Deriving the Value of Time in a Border Region Using a State-of-the-Art Dynamic Modeling Approach
Nominated for The Planning for Sustainable Land Use and Transport Award
Jeff Shelton, New Mexico State University, Gabriel Valdez, Texas A&M Transportation Institute, Peter T. Martin, New Mexico State University
Researchers developed a simulation-based DTA model where the VoT was varied until output flow rates match actual field data collected. Results were compared to six different mathematical approaches used to derive the VoT in the region.
There is much literature about the theory and practice of traffic and toll revenue forecasting but surprisingly little attention has been paid to the predictive accuracy of those forecasts. One important component in those forecasts is the value of time (VoT). While the VoT is a very important notion in transportation planning and infrastructure investment, it is a value that cannot be easily measured or quantified into a finite numerical value. In addition, the Texas-Mexico border region has lower socio-demographic factors in terms of economic income than other major urban areas in Texas. This poses a barrier to successfully forecast the impact of toll roads as well as the demand for it. There are various methods to estimate the VoT, however, a more robust method is needed to help improve the forecasted reliability when evaluating toll lanes, high occupancy toll (HOT) lanes, high occupancy vehicle (HOV) lanes or managed lane applications.
In this research, various methodologies are applied and compared to a state-of-the-art dynamic modeling approach that uses real world toll revenue and traffic data. Six different mathematical approaches for the City of El Paso, Texas were calculated—each method deriving a different VoT for passenger cars. A simulation-based dynamic traffic assignment (DTA) model was then developed and calibrated for the same geographic region. The DTA modeled approach uses various VoT values where output flow rates on a toll road are compared to field data collected by the Camino Real Regional Mobility Authority (toll authority). After multiple iterations of simulation, a VoT value that corresponds to the actual number of vehicles using the tolled facility was obtained. Model results were compared to the six mathematical methodologies. The final VoT from the simulation model fell lower than most of the mathematical calculations. This is indicative of the lower socio-demographics in the region and more importantly—validates the low toll road usage and subsequent shortfall of revenue.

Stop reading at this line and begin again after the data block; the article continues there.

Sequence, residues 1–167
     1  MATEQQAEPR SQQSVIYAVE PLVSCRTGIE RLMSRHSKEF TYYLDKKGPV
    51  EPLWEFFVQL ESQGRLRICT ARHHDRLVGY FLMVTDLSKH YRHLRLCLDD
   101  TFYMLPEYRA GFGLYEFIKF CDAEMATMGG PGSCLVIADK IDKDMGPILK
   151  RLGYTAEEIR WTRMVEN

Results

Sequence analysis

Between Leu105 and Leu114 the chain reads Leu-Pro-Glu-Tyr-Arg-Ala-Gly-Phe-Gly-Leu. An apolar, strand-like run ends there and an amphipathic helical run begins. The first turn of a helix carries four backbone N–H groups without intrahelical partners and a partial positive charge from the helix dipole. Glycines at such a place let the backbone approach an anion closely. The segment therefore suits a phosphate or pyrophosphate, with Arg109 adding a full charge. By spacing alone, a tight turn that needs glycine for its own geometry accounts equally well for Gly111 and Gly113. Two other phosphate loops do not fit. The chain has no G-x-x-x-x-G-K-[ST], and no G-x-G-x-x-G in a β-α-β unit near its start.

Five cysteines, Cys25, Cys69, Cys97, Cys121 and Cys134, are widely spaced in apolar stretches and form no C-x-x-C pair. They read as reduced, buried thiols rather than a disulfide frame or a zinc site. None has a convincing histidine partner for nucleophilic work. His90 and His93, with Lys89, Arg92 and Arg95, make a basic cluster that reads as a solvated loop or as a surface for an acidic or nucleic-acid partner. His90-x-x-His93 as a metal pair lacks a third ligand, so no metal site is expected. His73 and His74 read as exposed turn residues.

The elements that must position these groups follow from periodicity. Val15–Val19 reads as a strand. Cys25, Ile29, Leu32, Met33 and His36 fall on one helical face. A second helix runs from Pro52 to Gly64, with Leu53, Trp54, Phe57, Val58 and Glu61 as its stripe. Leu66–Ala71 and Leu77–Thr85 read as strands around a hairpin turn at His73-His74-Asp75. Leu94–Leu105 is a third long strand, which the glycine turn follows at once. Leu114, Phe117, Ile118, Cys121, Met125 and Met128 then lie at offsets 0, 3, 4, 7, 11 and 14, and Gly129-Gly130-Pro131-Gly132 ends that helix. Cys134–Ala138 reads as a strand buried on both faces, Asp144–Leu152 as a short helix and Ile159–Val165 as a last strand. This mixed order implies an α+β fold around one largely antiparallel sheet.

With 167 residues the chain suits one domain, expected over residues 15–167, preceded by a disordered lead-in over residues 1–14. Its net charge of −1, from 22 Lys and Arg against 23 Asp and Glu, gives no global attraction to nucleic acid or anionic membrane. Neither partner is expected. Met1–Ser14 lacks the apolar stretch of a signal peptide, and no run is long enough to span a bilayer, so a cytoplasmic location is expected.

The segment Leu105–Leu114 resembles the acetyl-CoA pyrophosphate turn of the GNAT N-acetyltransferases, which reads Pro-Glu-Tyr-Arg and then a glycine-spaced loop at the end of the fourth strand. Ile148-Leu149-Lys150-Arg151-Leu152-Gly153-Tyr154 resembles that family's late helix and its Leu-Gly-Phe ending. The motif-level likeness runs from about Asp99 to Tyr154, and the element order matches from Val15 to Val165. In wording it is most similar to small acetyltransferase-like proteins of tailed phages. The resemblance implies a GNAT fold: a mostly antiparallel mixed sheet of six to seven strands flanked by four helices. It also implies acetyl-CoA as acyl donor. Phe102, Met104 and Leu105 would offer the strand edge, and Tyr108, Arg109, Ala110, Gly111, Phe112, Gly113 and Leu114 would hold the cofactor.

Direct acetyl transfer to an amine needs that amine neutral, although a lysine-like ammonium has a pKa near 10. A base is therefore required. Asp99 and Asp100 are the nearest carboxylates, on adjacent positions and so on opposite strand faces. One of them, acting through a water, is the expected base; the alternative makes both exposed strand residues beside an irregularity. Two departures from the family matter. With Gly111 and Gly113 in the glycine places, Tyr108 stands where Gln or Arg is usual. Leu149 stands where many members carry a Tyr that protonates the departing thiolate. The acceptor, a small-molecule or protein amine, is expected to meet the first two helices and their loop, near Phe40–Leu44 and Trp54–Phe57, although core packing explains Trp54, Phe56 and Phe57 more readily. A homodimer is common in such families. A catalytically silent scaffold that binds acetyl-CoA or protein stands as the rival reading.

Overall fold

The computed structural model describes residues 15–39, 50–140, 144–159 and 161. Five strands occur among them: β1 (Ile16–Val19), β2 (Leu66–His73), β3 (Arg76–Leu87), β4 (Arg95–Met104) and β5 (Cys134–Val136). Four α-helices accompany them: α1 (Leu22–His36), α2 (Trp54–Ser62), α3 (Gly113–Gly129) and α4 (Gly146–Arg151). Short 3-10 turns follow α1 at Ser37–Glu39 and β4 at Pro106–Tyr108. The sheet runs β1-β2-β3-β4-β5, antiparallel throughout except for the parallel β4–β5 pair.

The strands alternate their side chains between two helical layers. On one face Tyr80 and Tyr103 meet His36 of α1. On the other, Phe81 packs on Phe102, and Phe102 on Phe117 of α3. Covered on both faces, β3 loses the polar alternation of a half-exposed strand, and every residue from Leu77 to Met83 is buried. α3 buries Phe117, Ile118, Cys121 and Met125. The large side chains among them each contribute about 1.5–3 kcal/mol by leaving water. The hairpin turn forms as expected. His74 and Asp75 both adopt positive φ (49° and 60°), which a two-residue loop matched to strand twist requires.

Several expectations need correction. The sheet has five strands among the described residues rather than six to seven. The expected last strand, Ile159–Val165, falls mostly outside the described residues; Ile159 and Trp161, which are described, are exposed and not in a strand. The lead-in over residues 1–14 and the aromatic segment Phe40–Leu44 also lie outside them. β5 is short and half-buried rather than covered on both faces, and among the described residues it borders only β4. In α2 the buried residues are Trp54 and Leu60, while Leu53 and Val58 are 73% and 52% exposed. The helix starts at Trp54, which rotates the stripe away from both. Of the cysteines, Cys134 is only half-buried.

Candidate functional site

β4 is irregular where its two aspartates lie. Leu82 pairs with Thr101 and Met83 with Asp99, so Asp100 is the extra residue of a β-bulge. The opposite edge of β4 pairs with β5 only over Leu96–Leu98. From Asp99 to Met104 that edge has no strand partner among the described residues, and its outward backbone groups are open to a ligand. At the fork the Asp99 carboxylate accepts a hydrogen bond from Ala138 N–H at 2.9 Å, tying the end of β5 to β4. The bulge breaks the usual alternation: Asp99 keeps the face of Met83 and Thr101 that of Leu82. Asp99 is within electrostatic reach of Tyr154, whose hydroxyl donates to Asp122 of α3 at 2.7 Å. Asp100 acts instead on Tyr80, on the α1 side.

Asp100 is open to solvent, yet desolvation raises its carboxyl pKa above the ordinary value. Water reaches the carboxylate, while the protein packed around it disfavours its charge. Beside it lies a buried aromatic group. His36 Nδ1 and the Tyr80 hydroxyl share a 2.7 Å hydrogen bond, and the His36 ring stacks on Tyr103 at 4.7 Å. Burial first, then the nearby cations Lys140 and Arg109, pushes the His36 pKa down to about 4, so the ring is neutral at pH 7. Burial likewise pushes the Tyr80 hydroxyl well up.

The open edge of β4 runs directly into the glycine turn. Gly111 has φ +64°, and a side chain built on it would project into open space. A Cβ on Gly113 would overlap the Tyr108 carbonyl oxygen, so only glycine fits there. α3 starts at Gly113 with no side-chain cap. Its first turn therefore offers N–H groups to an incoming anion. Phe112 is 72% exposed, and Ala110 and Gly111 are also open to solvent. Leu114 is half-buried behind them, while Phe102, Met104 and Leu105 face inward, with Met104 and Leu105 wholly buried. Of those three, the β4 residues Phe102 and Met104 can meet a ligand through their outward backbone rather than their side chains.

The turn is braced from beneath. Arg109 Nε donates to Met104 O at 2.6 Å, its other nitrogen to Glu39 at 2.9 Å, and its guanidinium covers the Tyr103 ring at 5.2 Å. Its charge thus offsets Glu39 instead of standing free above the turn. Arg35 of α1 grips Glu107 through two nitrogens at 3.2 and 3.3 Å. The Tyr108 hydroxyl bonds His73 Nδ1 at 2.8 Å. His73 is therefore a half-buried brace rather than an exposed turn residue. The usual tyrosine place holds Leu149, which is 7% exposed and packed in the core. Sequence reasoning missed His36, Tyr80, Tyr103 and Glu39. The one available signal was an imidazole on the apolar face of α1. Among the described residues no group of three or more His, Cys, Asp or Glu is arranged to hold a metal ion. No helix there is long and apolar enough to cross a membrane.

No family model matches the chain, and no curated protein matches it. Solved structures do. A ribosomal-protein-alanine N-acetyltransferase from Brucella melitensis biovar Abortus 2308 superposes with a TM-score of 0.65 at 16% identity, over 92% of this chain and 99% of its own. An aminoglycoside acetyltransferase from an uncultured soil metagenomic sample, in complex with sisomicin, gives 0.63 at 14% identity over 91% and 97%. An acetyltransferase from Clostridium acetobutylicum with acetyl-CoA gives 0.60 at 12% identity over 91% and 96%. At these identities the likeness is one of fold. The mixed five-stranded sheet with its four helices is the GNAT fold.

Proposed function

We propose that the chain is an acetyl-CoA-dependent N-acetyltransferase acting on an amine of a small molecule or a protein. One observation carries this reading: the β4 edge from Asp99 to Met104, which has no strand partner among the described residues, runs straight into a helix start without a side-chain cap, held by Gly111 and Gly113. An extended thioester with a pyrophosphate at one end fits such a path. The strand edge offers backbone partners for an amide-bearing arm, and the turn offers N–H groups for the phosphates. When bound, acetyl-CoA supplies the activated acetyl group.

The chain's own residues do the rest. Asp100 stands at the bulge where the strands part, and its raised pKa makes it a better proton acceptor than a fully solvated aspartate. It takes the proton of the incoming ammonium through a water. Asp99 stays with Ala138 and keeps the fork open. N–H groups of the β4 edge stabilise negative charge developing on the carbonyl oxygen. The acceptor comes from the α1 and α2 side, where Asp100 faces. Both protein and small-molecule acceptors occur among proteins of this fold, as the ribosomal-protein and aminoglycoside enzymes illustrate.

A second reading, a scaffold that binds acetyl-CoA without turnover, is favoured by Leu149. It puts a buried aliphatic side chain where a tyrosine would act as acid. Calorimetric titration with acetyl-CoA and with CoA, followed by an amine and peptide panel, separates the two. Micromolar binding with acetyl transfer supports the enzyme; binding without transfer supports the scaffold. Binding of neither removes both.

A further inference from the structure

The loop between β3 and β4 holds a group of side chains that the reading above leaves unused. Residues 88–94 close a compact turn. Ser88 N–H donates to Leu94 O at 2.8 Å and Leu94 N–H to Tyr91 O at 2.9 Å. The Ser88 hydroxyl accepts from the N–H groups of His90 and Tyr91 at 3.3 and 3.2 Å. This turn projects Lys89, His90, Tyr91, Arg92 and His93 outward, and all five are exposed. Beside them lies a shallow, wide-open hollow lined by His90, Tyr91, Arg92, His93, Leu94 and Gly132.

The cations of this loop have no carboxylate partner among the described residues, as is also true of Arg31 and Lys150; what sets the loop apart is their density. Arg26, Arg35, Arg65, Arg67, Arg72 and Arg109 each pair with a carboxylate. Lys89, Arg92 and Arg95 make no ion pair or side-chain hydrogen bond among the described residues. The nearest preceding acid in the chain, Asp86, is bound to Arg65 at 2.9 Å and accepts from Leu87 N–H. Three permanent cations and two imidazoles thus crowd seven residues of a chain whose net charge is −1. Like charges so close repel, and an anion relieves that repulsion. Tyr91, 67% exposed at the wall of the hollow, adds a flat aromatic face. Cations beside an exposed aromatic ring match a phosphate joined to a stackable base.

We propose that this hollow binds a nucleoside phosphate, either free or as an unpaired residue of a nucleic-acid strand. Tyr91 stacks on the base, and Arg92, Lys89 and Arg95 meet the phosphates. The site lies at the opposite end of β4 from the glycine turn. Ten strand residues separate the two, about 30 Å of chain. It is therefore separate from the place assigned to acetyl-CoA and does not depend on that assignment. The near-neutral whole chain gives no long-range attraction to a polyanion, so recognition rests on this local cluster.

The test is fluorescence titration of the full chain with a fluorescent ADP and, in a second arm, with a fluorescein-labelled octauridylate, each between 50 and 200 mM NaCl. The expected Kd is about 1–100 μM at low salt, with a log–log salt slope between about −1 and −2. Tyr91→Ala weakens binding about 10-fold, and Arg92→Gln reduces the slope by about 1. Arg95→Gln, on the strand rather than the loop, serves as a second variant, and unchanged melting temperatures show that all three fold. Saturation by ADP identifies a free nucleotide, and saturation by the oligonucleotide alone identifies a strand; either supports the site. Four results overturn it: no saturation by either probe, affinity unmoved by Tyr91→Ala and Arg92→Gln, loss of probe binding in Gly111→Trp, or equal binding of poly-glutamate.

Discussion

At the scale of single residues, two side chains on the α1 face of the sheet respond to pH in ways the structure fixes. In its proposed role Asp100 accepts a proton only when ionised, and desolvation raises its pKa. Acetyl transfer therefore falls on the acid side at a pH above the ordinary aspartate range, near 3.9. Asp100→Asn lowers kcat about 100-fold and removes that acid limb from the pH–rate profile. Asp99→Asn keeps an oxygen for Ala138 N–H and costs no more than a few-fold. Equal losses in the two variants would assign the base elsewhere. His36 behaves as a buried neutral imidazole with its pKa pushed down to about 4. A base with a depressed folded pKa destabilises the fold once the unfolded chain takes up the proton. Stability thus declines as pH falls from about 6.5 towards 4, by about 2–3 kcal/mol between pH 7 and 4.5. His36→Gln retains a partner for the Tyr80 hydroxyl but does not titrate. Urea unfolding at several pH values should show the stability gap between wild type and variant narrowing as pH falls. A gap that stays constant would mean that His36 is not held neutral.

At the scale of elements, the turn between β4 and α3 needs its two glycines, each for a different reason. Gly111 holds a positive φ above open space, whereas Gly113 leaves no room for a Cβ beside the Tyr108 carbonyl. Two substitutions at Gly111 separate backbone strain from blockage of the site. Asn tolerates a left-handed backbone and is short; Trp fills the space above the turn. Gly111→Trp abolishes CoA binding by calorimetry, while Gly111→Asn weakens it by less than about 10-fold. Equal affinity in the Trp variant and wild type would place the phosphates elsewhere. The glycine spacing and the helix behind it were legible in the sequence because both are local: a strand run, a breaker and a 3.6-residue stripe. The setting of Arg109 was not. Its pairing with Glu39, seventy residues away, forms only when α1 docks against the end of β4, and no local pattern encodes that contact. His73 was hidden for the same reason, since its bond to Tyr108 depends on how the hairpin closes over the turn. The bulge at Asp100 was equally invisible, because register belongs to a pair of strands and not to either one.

The DTA modeling approach is a validation of actual driver behavior governed by a perceived VoT because it shows the willingness of driver’s to pay a toll. Any increases in toll road prices can now be quickly calculated with the validated model results. In addition, planning agencies will now have a more robust approach to calculate travel forecasts and predicted toll revenue with higher accuracy.
Association for European Transport